*UPDATE: A few points have been moved to a forthcoming discussion.

Friday, June 3, 2011


Wilson, Roosevelt, Carter, Reagan, Clinton

In the twentieth century, those were the five men who defeated a sitting president on election day in November.

One immediate fact worth noting: they were almost all two-term presidents (or, in Roosevelt's case, over two terms). Jimmy Carter is the only exception, and he has the unique distinction of defeating a sitting president (Ford) who was never elected to either the office of the presidency of the vice presidency---and even that victory was very marginal. So in some ways he's the exception that proves the rule.

All five were governors, and Reagan and Carter were the only non-sitting governors at the time of their electoral victories.

At least three of these men had pivotal presidencies. Riding the high tide of Progressivism, Woodrow Wilson expanded federal powers and charted the nation's entry into World War I and the resulting peace. Franklin Delano Roosevelt in many ways created the modern regulatory state and the imperial presidency; after recasting the federal government during the Great Depression, his administration laid the groundwork for the new global order in the aftermath of World War II. Ronald Reagan drew on simmering resentments against this modern regulatory state in order to revise it, and his foreign policies helped break a Cold War that had dominated global politics for decades. It is perhaps too close in time to evaluate the ultimate significance of Bill Clinton's presidency.

These facts would suggest that, if a Republican is victorious against Barack Obama in November 2012, he or she could have a chance at playing a historic role.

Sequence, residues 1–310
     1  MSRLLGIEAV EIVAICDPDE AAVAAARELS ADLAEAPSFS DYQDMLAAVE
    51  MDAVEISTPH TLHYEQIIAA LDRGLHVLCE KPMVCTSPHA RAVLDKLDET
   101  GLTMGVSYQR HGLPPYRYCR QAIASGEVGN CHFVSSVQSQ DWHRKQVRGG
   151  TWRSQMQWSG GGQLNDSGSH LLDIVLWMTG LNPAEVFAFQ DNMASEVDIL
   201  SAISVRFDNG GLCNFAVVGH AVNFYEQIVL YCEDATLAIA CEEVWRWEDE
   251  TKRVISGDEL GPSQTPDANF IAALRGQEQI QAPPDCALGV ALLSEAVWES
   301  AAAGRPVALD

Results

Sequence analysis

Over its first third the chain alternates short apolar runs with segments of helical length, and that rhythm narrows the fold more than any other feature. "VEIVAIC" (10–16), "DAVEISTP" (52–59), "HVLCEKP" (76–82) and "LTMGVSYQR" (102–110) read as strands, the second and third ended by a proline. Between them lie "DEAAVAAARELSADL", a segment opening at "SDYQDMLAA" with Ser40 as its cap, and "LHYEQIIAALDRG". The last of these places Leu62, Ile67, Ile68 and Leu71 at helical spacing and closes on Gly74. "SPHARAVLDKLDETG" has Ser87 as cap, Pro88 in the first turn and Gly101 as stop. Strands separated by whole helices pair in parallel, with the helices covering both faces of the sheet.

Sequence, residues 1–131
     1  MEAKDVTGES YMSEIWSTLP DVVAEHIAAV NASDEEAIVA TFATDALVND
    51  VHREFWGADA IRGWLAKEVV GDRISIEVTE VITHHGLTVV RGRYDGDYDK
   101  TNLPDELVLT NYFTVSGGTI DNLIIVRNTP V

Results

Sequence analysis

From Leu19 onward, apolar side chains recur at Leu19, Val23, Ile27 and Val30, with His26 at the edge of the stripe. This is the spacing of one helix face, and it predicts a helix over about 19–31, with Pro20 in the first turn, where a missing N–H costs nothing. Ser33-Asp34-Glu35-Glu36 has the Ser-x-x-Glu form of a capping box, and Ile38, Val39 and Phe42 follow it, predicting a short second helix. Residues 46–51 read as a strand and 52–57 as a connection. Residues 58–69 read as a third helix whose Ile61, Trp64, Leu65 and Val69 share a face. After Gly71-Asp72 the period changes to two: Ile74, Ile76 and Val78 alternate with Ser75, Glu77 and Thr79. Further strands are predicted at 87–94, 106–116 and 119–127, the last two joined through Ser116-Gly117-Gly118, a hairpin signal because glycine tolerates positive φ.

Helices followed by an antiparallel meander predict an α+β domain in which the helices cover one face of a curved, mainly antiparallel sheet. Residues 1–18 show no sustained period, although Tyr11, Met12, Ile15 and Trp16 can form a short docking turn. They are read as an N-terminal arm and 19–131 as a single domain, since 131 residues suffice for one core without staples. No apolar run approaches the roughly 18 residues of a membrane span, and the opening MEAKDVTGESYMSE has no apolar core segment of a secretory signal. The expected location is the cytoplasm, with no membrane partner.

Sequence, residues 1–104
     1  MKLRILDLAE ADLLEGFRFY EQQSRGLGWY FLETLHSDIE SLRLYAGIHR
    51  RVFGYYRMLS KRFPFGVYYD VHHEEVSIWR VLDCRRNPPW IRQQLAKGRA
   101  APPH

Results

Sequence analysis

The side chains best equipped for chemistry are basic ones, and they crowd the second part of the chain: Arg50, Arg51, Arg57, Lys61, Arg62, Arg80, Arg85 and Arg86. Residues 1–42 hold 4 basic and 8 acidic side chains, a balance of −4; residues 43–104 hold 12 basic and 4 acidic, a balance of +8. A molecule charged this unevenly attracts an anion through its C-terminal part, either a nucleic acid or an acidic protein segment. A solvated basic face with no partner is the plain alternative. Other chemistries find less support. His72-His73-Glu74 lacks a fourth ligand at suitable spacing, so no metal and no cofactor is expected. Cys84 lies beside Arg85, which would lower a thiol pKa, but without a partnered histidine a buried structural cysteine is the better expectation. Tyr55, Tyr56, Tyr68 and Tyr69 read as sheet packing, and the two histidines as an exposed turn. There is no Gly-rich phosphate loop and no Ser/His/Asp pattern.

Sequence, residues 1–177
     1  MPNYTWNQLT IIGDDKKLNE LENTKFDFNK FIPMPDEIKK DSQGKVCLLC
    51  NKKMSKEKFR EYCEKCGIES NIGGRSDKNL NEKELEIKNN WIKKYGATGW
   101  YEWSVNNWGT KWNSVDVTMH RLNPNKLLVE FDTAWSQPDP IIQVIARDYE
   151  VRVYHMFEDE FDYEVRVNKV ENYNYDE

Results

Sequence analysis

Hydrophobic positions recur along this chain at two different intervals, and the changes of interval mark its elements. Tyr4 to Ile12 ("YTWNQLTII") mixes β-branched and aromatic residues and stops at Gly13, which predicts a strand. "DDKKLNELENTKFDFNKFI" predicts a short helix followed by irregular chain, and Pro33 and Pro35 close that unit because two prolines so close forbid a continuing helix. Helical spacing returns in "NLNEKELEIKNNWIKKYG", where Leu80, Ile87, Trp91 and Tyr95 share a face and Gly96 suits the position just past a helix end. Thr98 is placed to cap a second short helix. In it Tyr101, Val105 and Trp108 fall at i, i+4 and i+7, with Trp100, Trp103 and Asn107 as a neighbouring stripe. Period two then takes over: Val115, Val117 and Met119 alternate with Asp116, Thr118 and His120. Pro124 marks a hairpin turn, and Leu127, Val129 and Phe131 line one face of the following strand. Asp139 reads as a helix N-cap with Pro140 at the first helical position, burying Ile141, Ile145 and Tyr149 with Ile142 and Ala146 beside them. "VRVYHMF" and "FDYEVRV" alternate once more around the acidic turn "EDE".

Having the presidency adds a kind of grandeur to a candidate, so a candidate who defeats a sitting president often demonstrates a kind of broad appeal to the public. Most of those men who have beaten a sitting president have powerful visions for reforming government and the capacity to accomplish at least some part of these visions. For the most part, these men were also able to articulate a compelling narrative for a way forward.

The political pendulum has swung very wildly over the past few cycles, and the dynamics of the past have, obviously, only a limited application for the dynamics of the future. But sometimes precedent can have its wisdom.

Wednesday, June 1, 2011

Romneycare: A Shield from Mediscare?

Democrats seem to have latched onto an electoral strategy for the 2012 campaign. With an economic slump the worst in many a decade, ballooning deficits, the Obamacare debacle, a foreign policy that has not exactly met campaign promises, and a restless populace, Obama and his allies have hit on a three-syllable campaign slogan: Medicare.

The Congressional special election in NY-26, a rout for Republicans in a GOP-heavy district, has only fueled Democratic speculation that they can ride Mediscare tactics to victory in 2012. (Yes, a faux-Tea Partier in the race may have influenced the results, but Republican Jane Corwin was leading in polling before Democrat Kathy Hochul went full Mediscare.)